A BBC article by Ezgi Başaran said that "the statement of the junta, that was ... read on ... government TV as the coup got under way, bore a strong resemblance to Mustafa Kemal Atatürk's famous address to the Turkish Youth. [...] On the other hand, given that these references are too obvious, they may have been intentionally included to insinuate a Kemalist junta rather than a Gülenist one".
Staged coup allegationsEdit
In the aftermath of the coup attempt, commentators on social media alleged that the creation of the council had been staged to invoke greater support for the governing Justice and Development Party (AKP), with some sceptics citing the lack of any solid information on the council's actual composition as evidence that the entire ordeal had been faked by the government."
No official statement regarding the composition of the council was given. According to the state-run Anadolu News Agency, subsequent investigations and allegations pointed to the leader being former Colonel Muharrem Köse, who had been dismissed earlier in 2016 from his role as legal advisor to the Chief of Staff due to his apparent links with Fethullah Gülen.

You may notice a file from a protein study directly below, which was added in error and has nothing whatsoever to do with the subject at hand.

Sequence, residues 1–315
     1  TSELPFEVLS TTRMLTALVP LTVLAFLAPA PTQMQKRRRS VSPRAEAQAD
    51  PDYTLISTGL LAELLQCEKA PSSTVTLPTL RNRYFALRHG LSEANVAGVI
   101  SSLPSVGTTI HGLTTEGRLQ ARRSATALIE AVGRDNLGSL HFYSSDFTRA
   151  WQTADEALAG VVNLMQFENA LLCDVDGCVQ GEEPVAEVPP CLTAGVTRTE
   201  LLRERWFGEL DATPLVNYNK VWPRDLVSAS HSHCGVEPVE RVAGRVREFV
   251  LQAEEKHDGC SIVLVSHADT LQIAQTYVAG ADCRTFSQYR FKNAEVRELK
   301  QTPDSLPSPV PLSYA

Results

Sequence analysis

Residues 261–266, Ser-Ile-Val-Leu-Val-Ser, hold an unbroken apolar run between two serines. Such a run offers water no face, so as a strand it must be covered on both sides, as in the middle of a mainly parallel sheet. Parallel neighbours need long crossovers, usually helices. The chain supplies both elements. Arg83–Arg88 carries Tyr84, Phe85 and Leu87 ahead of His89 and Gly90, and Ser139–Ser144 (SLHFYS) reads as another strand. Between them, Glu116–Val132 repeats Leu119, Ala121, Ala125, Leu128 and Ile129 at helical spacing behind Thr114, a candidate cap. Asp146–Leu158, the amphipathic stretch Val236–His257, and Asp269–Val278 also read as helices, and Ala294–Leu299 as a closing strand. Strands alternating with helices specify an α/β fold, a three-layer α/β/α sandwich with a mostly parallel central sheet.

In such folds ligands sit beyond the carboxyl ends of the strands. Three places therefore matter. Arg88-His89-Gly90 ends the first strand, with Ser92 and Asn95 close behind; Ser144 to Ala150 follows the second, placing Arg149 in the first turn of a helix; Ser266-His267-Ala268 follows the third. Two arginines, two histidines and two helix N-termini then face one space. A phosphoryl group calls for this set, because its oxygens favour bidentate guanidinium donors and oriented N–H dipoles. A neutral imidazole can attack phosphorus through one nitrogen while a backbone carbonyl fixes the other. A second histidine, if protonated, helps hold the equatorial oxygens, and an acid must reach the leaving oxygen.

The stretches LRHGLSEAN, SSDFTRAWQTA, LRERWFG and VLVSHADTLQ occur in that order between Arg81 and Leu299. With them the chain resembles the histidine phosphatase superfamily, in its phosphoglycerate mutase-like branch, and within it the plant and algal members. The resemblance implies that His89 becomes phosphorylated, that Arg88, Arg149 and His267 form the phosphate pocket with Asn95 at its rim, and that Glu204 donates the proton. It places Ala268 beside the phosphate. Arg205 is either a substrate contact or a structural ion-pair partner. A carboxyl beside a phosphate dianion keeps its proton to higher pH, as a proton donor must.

The Peace Council was eventually unable to take power after pro-coup forces were defeated and the incumbent AKP government retained control. Mass arrests were later made, targeting over two thousand soldiers including senior officers and generals. Speculation emerged that former Turkish Air Force Commander Akın Öztürk had been in charge of the coup attempt.
- "Darbeyi planlayanlardan Albay Muharrem Köse'nin cebindeki atama listesi ortaya çıktı". Sözcü (in Turkish). 17 July 2016. Retrieved 18 July 2016.
- "Coup plotter who abducted army chief says he was 'misunderstood'". Daily Sabah. 12 August 2017.
- "TRT spikeri: Silahla tehdit ederek, bir bildiri okumamı istediler". Imctv.com.tr (in Turkish). IMC TV. 16 July 2016. Retrieved 18 July 2016.
- Basaran, Ezgi (16 July 2016). "Turkey coup: Who was behind Turkey coup attempt?". BBC News. Retrieved 18 July 2016.
- "Turkey army group announces takeover on TV". BBC News. 16 July 2016. Retrieved 16 July 2016.
- Levin, Sam; Rawlinson, Kevin (16 July 2016). "Turkey military coup: tanks open fire near parliament building – live updates". The Guardian. Retrieved 16 July 2016.
- "Asker TRT binasında: İşte 'darbe' bildirisi". Haber3.com (in Turkish). 16 July 2016. Retrieved 18 July 2016.
- Byrne, Patrick Brian; Cohen, Adi; Steinblatt, Jacob (16 July 2016). "Critics Raise False Flag After Failed Military Coup In Turkey". Vocativ.com. Retrieved 18 July 2016.
- "Turkey coup attempt: Erdogan says uprising to be resolved shortly, calls on Turks to take to the streets – Turkey". Haaretz. Retrieved 16 July 2016.
- Özbek, Tolga (16 July 2016). "İşte darbe girişiminin perde arkası". Hurriyet.com.tr (in Turkish). Retrieved 18 July 2016.